There is some humanity left in politics – A Liberal Response
I disagree that the sole nature of politics is power in a state of democracy. While I concede that that is the case in authoritarian states with despots clinging to power, in a democracy, politicians do have some interests of the people as a concern. Not everyone is a Machiavelli.
I will not naively suggest that politicians are purely self-sacrificing and generous. However, there is a greater level of nuance than this article lets on. I’m not going to sit here and deny that many people do, in fact, go into politics for power and for their own gain. But for this article to damn everyone who goes into politics is a little strong. Perhaps it is damning those on the right-wing, those who say that human nature is inherently greedy and selfish and seem to do their best to prove it. Human nature is also inherently rational and people have empathy. So, not everyone who walks the corridors of Westminster is prepared to stamp on the people that handed them power, to simply maintain it.
There is a balance of self-interest and the interests of others. Power doesn’t always pay; see Boris Johnson fretting about being on only £150k. So somewhere along the line, in those who go into politics, there is some desire to help somebody, whether that is kids in education, small businesses, the just-about-managing, or maybe someone else entirely. But power is neither safe nor comfortable and it is not all that we seek.
Furthermore, it is still in a government’s interests to have a majority of more than the bare minimum that is necessary. 50%+1 vote is not a stable and reliable position for a government to be in. It makes them susceptible to rebellions and undermines their authority. Therefore, it makes sense for a politician to act in the interests of the people.
Power is not the only point of politics. There’s some humanity left in it too.
Written by Guest Liberal Writer, Emma Hall
Politics is a power game, but the intentions are not universal – A Labour Response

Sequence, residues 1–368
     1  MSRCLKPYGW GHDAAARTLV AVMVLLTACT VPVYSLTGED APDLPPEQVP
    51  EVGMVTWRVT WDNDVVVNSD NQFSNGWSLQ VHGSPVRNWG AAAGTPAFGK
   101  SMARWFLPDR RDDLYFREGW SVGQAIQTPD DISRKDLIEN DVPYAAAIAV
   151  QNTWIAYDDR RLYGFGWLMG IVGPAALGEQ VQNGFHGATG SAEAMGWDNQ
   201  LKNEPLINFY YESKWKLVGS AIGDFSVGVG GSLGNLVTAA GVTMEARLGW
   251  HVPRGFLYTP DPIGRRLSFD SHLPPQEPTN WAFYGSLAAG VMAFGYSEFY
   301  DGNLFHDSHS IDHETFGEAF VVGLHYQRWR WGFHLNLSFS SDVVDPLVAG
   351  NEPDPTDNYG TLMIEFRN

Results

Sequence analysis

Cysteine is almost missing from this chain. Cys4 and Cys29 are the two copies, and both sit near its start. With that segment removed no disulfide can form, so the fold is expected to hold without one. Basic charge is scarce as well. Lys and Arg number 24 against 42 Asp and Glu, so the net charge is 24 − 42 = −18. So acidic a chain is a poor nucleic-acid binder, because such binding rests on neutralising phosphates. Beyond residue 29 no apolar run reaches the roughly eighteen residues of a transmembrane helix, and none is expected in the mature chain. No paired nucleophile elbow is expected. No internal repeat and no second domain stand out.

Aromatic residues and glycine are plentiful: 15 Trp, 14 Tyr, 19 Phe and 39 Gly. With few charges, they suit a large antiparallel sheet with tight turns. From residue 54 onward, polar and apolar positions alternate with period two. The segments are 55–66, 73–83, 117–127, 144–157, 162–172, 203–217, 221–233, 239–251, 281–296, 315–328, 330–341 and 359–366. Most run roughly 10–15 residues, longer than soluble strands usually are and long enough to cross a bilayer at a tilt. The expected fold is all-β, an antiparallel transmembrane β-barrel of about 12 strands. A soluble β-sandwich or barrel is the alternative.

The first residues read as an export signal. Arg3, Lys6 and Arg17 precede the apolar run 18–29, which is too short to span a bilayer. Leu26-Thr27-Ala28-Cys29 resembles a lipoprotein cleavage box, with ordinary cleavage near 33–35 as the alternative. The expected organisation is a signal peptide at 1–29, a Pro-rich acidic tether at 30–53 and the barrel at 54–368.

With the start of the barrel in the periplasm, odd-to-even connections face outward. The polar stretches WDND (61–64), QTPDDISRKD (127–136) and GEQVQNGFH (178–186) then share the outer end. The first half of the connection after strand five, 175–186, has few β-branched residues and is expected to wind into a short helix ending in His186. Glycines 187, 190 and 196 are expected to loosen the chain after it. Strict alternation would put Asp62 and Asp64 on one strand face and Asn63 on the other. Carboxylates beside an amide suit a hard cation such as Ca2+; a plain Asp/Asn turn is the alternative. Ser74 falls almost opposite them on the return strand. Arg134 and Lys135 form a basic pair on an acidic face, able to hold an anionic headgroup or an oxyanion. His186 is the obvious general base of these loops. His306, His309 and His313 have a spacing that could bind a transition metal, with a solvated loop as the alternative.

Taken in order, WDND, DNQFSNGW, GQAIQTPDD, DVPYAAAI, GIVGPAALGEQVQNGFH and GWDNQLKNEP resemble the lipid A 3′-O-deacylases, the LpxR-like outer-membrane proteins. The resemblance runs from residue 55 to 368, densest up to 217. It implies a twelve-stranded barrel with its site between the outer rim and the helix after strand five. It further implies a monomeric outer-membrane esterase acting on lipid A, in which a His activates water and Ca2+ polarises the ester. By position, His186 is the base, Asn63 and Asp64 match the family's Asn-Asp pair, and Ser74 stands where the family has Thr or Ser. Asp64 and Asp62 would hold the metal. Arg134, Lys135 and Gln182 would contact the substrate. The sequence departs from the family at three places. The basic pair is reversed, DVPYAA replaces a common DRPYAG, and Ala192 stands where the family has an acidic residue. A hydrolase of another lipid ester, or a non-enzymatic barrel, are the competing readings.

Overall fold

Keiran is right that politics is a power game. Ultimately, the goal of politics is to get elected. This goal subsequently grants power to those elected into political positions. However, I don’t believe this to be true for every politician. The statement that ‘these rules explain every action that politicians take’ is one that I do not fully agree with. This can be demonstrated with examples of policies and politicians.
The recent school meal debacle in the United Kingdom paints one good example of this. Celebrities, political activists, and the general public have been extremely critical of the policy and there has been little public support of it. The Conservatives have struggled to defend the policy, with one Conservative MP, Caroline Ansell, even resigning from her post in government. Looking further into the circumstances, Ben Bradley MP, posted extremely controversial tweets about Free School Meals. Even if these tweets were a political decision, it is hard to see how these tweets will help him remain in power. The same goes for the Free School Meals policy in general. Although a small number of core Tory voters will support the policy, the original response to the situation has been largely negative.
Jeremy Corbyn presents a good example of an MP who only looks to power as a means to improve the lives of others. While the national public opinion of Corbyn is negative, his constituents are fond of him. As an MP, Corbyn has been said to stand up for ‘unfashionable causes’; causes that may not win him votes but will help others. Corbyn often devotes his time to his constituency in an attempt to better the lives of those around him, instead of trying to seize power at a national level. For example, when he was meeting his constituency as opposed to making a show out of supporting the nation’s rugby team. Corbyn provides an example of an MP who, yes, may be attempting to seize power, but only so he can better the lives of citizens.
However, these examples of politicians and policies are few and far between, meaning what Keiran says rings true. Further, as Keiran mentions, idealists like Corbyn are unlikely to be successful and will struggle to achieve the power they need to improve the lives of the population, despite their attempts to better them.
Written by Guest Labour Writer, Ollie White